The year du cinéma brought us far too many 19th-century spectaculars, an overabundance of operations without anesthesia, and of course, the immortal tag line “Dat kangaroo gots my money!” But the Oscars will go on—and so will my annual nominee predictions. In fact, here they come now, without anesthesia.
BEST PICTURE: As always, grotesquely large studios with gigantic bucks are the big winners, and any of their long, alternately dazzling and laborious movies that beg for nominations will apparently get them. The far-reaching front-runners are Lord of the Rings: The Return of the King (just submit to the glorious spectacle of it all. I only looked at my watch once!), Cold Mountain (the work of a genius—and Harvey got Minghella to help too), Master and Commander (beautifully made, if a bit like a Scholastic film via a gay porno, except there’s no sex), Mystic River (which I will obnoxiously call Mystic Pizza from now on, but by any name, this friggin’ thing is a lock), The Last Samurai (a/k/a Big Fish Out of Water. I preferred Lost in Translation‘s more honest patronization of Japanese culture), Seabiscuit (a dark horse, but it’s backed by an even more lavish campaign than Howard Dean’s), House of Sand and Fog (doom and gloom, followed by a bigger body pileup than in The Last Samurai), In America (in its own hyper-emotional way, it’s epic enough), and Lost in Translation (not lost in the shuffle).
Less bankable are 21 Grams (Sean Penn’s other anguish fest, which I shall insist on calling 21 Jump Street, explores the immortal dilemma: What do you do when your man has just been transplanted with your dead husband’s heart? It happens, folks), Big Fish (flashbacks within flashbacks, lies within lies. I liked it, but I have reasons within reasons), and Finding Nemo (a/k/a Really Big Fish. But there’s a separate category for animation, honey).
The nominees will be: Cold Mountain, Lord of the Rings 3, Master and Commander, Mystic River, Seabiscuit.
Charlize Theron (Monster)
(photo: New Market Films)
Less certain are Scarlett Johansson for Girl With a Pearl Earring (alas, it wasn’t a pearl necklace), Gwyneth Paltrow for Sylvia (nobody likes a moper), Samantha Morton for In America (too subtle), Hope Davis for American Splendor or Secret Lives of Dentists (Hollywood’s allergic to esoteric), Jamie Lee Curtis for Freaky Friday (in which she’s trapped in the wrong body—yikes, those rumors again), and Diane Lane for Under the Tuscan Sun (a/k/a Enchanted Unfaithful)
The nominees will be: Connelly, Keaton, Kidman, Theron, Watts.
BEST ACTOR: The choicest choices are Sean Penn for Mystic Pizza and 21 Jump Street (oy, the suffering. Let’s add to his pain by nominating him), Russell Crowe for Master and Commander (he’ll beat people up if he doesn’t get it), Ben Kingsley for Sand and Fog (does his best Gandhi voice and is quite affecting until he starts grabbing for the gold too hard), Jude Law for Cold Mountain (so cute! So blank, but so cute!), Bill Murray for Lost in Translation (his apex. His quintessential role. He’ll get nominated anyway), Jack Nicholson for Something’s Gotta Give (in his sixties, he’s finally playing romantic leads. This is sick!), Johnny Depp for Pirates of the Caribbean (he did so many quirky movies, they’d like to embrace him for finally making a family-oriented smash. But not this year), Tom Cruise for The Last Samurai (it would be fun to see Nicole have to present him with the award. Otherwise, forget about it), and Jeff Bridges for Seabiscuit (couldn’t upstage the horse).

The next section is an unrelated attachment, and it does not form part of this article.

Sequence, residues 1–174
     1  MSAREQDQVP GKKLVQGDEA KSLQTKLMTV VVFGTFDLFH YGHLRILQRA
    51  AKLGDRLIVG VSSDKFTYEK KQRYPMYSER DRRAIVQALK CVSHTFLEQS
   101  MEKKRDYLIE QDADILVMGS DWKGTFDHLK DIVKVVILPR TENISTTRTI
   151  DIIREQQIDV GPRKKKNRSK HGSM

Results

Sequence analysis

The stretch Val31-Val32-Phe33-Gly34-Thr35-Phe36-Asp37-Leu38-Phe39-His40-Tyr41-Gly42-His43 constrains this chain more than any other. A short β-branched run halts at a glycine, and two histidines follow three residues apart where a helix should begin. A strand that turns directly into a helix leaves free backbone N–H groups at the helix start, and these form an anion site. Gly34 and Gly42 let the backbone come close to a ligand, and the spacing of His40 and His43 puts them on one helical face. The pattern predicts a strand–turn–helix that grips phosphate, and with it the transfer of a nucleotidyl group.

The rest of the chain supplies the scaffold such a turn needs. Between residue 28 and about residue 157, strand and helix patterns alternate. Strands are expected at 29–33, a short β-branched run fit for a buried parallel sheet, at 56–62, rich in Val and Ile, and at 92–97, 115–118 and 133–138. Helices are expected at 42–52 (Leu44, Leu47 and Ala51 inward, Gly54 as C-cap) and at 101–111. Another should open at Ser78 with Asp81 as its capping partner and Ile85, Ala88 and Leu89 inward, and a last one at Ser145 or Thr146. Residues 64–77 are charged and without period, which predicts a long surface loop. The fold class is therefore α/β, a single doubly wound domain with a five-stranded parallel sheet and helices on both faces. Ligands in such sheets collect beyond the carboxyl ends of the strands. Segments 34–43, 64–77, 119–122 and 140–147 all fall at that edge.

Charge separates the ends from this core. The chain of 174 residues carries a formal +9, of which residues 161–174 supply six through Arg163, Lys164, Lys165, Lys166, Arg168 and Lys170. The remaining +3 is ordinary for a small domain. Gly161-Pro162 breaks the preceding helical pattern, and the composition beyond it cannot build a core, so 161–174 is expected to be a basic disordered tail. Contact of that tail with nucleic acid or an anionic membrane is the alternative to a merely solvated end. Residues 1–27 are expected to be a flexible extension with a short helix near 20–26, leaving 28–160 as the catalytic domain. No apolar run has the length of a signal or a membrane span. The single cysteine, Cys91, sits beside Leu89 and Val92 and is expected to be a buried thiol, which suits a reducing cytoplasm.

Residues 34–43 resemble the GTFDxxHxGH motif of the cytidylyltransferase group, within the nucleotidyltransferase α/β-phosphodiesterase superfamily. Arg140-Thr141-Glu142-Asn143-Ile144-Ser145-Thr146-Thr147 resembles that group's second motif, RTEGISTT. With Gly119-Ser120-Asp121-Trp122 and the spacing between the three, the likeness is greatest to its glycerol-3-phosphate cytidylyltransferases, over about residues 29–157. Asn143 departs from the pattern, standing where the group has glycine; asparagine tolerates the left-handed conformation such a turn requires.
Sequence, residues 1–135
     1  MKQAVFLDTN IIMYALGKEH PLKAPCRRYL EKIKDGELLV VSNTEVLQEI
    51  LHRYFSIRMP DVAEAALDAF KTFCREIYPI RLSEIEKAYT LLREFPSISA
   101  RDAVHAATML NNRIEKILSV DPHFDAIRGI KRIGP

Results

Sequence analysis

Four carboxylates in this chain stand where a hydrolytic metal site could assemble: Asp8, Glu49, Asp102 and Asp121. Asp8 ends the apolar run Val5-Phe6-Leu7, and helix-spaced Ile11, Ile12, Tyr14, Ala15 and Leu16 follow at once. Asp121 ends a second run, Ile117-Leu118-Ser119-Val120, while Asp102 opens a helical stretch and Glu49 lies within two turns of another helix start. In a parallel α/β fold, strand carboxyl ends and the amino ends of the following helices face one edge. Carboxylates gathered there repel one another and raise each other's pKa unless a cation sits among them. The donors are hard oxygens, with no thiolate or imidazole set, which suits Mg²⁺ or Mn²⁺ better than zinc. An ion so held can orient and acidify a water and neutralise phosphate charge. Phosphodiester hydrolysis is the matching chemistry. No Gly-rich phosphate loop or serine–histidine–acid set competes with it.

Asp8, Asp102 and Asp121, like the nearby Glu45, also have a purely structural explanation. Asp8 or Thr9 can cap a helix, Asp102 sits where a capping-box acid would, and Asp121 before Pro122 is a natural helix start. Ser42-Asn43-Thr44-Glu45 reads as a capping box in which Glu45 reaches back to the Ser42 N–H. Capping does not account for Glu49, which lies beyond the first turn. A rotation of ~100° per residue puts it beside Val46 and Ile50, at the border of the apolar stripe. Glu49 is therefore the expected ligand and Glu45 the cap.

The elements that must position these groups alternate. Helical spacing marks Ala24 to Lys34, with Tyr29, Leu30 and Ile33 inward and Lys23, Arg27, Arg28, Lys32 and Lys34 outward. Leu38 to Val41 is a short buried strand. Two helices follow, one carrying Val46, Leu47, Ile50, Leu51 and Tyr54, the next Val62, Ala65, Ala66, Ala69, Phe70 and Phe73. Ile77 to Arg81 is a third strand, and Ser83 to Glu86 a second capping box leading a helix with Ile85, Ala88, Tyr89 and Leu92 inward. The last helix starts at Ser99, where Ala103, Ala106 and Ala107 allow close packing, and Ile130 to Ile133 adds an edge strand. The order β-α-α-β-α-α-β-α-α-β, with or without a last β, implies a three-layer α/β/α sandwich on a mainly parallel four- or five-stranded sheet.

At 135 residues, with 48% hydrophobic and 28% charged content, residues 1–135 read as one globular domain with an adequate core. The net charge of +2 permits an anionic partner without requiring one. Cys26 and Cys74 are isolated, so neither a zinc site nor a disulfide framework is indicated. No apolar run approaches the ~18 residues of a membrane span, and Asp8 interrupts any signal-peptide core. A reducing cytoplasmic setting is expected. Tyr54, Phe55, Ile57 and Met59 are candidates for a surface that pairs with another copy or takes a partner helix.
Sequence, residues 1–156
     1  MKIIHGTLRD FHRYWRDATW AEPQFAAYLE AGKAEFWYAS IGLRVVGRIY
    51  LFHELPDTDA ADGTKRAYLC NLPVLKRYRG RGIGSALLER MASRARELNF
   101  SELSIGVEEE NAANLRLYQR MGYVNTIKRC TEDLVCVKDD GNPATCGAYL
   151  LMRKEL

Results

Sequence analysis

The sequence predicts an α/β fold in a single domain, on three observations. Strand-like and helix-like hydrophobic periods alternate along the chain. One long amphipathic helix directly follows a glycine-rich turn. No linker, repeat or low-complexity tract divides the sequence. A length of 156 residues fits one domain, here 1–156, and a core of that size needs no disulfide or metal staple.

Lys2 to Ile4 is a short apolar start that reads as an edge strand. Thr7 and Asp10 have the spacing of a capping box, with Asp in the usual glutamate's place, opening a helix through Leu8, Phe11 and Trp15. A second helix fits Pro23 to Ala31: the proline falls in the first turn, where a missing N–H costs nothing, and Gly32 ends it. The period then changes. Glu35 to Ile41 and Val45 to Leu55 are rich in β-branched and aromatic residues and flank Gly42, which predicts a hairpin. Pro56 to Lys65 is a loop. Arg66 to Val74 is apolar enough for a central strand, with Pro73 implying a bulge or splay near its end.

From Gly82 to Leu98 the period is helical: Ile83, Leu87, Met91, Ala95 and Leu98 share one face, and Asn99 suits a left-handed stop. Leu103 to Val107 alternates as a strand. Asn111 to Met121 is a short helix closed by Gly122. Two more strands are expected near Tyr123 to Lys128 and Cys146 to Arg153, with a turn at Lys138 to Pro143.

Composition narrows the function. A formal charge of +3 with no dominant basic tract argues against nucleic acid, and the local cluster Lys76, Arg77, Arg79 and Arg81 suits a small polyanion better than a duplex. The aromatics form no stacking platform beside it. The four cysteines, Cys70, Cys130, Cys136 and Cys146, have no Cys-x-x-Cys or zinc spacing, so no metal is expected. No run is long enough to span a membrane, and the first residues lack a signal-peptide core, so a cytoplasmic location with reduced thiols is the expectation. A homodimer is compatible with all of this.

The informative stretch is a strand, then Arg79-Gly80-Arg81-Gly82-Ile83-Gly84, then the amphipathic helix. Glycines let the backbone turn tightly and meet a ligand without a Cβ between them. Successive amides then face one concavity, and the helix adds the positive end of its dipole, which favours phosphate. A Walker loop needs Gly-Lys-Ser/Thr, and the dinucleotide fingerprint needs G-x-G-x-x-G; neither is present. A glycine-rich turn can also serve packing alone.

The nominees will be: Crowe, Kingsley, Law, Murray, Penn.
SUPPORTING ACTRESS: Brace yourselves for Shohreh Aghdashloo for Sand and Fog (say that five times fast), Holly Hunter for Thirteen (the Academy’s favored her ever since she played the piano with nine fingers), Scarlett Johannson for Lost in Translation (yes, they’re pushing her for supporting for this. Don’t ask), Renée Zellweger for Cold Mountain (they owe her. See, she lost last year because Nicole won because she’d lost the year before. This year, I bet Renée’s sick dog won’t be an issue), Laura Linney and Marcia Gay Harden for Mystic Pizza (oh, yeah, Clint Eastwood, that great director of women. Still, Harden’s a doll), Maria Bello for The Cooler (she showed her George Dubya and did a credible Sharon Stone impression), various gals for Mona Lisa Smile (a/k/a School of Schlock), Keisha Castle-Hughes for Whale Rider (a/k/a My Big Fat Maori Wedding. If this is a supporting role, then I’m Scarlett Johansson), Emma Thompson for Love Actually (her arm rose out of the goo to clutch for a nomination), Patricia Clarkson for Pieces of April (she’s eternally fab—but Pieces of April?), and Frances McDormand for Laurel Canyon (are you kidding? Way too good!).
The nominees will be: Aghdashloo, Harden, Hunter, Johansson, Zellweger.
SUPPORTING ACTOR: The insanely diverse choices include Albert Finney for Big Fish (big ham), Tim Robbins for Mystic Pizza (this year’s Michael Moore?), Peter Sarsgaard for Shattered Glass (shatteringly good), William H. Macy for Seabiscuit (I see biscuit, I eat it), Benicio Del Toro for 21 Jump Street (superb in an irritating movie—so what else is new?), Alec Baldwin for The Cooler (a bad flick, but it’s not his fault), Ken Watanabe for The Last Samurai (“Let me tell you how he lived. . . . “), Paul Bettany for Master and Commander (he’s Jennifer Connelly’s hubby. If he’s nominated, can he still dump her on the way in?), the gang from Rings 3 (yeah, right, it’s a movie about acting), Wentworth Miller for The Human Stain (can he pass for a nominee?), and Djimon Hounsou for In America (in doubt—though he does have a big screaming scene).
The nominees will be: Del Toro, Macy, Robbins, Sarsgaard, Watanabe.
The nominees for Best Short Subject will be . . . Do you honestly think I give a shit?